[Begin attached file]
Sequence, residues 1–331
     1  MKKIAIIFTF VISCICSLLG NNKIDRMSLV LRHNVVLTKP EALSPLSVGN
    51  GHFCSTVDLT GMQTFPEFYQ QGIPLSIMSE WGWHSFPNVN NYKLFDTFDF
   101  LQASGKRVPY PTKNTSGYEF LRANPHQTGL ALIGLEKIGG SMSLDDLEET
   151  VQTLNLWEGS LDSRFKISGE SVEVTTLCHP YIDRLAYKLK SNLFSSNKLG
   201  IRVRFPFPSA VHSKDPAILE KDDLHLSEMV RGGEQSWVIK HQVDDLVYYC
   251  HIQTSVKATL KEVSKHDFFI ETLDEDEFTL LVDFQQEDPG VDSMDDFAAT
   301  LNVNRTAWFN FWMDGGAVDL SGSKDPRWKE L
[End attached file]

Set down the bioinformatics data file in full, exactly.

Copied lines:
Sequence, residues 1–331
     1  MKKIAIIFTF VISCICSLLG NNKIDRMSLV LRHNVVLTKP EALSPLSVGN
    51  GHFCSTVDLT GMQTFPEFYQ QGIPLSIMSE WGWHSFPNVN NYKLFDTFDF
   101  LQASGKRVPY PTKNTSGYEF LRANPHQTGL ALIGLEKIGG SMSLDDLEET
   151  VQTLNLWEGS LDSRFKISGE SVEVTTLCHP YIDRLAYKLK SNLFSSNKLG
   201  IRVRFPFPSA VHSKDPAILE KDDLHLSEMV RGGEQSWVIK HQVDDLVYYC
   251  HIQTSVKATL KEVSKHDFFI ETLDEDEFTL LVDFQQEDPG VDSMDDFAAT
   301  LNVNRTAWFN FWMDGGAVDL SGSKDPRWKE L